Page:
#565 The Great Wide Indoors
We're all spending a bit more time indoors this summer than we probably figured. But did you ever stop to think about why the places we live and work as designed the way they are? And how they could be designed better? We're talking with Emily Anthes about her new book "The Great Indoors: The Surprising Science of how Buildings Shape our Behavior, Health and Happiness".
Now Playing: Radiolab

The Third. A TED Talk.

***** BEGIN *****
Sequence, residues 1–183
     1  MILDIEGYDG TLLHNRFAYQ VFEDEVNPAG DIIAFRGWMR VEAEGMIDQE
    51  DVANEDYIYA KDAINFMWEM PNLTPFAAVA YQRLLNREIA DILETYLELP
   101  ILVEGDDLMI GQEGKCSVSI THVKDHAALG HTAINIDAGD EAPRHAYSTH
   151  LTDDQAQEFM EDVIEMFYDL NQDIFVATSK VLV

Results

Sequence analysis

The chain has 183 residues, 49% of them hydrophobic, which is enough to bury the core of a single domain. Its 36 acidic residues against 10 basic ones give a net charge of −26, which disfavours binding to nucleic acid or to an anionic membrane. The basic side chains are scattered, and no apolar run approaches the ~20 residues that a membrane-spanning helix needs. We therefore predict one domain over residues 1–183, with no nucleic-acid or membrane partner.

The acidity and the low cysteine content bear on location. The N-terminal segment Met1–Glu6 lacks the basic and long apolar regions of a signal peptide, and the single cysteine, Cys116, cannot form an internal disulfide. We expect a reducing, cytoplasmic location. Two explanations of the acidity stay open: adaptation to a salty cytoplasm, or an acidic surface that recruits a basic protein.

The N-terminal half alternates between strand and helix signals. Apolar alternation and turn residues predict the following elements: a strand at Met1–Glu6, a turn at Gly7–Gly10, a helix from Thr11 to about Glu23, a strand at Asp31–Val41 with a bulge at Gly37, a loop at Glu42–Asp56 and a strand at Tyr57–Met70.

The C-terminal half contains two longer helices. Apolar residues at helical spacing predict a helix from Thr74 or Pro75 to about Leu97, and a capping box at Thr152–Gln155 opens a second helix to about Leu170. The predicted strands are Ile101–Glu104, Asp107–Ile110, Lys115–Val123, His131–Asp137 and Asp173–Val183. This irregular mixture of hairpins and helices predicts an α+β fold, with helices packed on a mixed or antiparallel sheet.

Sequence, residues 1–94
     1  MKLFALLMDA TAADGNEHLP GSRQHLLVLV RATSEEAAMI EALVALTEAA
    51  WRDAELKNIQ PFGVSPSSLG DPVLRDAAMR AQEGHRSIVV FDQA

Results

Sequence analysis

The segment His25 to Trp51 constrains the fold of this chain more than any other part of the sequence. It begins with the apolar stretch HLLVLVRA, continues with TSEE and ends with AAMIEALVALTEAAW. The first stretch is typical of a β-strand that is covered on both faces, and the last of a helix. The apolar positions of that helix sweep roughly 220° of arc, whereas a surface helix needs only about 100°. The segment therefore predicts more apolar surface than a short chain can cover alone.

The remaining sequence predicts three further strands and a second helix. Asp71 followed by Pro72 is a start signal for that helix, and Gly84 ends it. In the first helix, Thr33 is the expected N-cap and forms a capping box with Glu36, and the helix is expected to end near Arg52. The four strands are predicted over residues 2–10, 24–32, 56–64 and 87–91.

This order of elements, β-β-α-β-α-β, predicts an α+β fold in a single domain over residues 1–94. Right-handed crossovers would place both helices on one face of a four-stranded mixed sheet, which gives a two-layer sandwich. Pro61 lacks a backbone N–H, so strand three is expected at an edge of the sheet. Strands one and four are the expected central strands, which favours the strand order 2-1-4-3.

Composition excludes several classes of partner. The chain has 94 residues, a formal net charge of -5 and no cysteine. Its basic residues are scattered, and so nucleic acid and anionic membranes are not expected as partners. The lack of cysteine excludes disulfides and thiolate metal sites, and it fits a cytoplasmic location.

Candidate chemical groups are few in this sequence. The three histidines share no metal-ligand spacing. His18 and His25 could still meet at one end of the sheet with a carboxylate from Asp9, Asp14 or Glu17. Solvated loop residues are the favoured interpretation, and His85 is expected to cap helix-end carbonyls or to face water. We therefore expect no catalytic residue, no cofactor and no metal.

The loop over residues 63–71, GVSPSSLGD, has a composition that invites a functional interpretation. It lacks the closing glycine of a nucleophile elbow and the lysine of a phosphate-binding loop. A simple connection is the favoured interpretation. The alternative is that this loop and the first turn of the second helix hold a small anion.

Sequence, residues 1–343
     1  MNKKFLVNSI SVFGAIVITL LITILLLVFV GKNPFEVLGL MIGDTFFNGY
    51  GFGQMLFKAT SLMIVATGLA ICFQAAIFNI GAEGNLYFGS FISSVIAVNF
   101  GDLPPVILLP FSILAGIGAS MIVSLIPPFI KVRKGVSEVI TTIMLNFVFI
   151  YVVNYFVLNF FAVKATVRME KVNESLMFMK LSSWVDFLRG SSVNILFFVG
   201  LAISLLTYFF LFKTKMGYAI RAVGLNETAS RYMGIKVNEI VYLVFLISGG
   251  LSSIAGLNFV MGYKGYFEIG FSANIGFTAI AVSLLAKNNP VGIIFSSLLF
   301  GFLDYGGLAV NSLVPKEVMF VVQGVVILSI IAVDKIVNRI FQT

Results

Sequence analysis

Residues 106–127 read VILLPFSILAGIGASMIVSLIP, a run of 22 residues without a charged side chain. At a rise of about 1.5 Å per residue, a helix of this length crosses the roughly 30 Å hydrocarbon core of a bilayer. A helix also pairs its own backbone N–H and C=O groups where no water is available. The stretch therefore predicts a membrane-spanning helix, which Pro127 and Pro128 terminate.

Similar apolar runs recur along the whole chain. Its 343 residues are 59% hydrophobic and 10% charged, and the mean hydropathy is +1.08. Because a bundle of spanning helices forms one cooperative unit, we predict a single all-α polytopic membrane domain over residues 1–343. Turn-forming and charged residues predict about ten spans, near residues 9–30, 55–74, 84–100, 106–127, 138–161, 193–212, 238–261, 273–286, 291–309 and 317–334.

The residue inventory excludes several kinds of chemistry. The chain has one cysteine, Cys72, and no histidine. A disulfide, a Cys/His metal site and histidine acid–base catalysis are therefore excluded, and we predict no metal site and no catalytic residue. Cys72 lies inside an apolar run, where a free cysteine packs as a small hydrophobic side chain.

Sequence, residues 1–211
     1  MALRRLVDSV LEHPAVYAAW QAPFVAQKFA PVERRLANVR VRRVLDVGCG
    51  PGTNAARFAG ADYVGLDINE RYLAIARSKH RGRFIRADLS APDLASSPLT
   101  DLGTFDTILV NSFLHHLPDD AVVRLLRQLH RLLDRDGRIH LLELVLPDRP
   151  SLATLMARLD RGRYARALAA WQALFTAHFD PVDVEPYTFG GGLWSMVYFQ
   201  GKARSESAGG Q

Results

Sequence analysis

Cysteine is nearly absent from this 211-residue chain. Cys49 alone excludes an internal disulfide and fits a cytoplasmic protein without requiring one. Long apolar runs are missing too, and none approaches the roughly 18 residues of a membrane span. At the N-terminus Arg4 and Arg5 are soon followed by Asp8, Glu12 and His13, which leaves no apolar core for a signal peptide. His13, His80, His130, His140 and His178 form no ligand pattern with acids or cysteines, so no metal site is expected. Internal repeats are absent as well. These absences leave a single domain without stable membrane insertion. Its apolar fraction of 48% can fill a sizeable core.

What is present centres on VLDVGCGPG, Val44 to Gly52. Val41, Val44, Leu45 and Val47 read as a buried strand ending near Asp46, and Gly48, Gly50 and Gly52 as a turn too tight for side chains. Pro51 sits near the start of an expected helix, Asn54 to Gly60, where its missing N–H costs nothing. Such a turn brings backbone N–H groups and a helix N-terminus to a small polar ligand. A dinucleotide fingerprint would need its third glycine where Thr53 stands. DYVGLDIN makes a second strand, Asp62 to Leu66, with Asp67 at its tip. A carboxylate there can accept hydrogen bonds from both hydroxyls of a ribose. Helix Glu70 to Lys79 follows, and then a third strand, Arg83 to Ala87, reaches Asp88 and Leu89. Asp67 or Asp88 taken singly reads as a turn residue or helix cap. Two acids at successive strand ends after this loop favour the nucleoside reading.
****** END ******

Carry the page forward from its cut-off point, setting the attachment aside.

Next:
Jad gives a TED talk about his life as a journalist and how Radiolab has evolved over the years. Here's how TED described it:How do you end a story? Host of Radiolab Jad Abumrad tells how his search for an answer led him home to the mountains of Tennessee, where he met an unexpected teacher: Dolly Parton.Jad Nicholas Abumrad is a Lebanese-American radio host, composer and producer. He is the founder of the syndicated public radio program Radiolab, which is broadcast on over 600 radio stations nationwide and is downloaded more than 120 million times a year as a podcast. He also created More Perfect, a podcast that tells the stories behind the Supreme Court's most famous decisions. And most recently, Dolly Parton's America, a nine-episode podcast exploring the life and times of the iconic country music star. Abumrad has received three Peabody Awards and was named a MacArthur Fellow in 2011.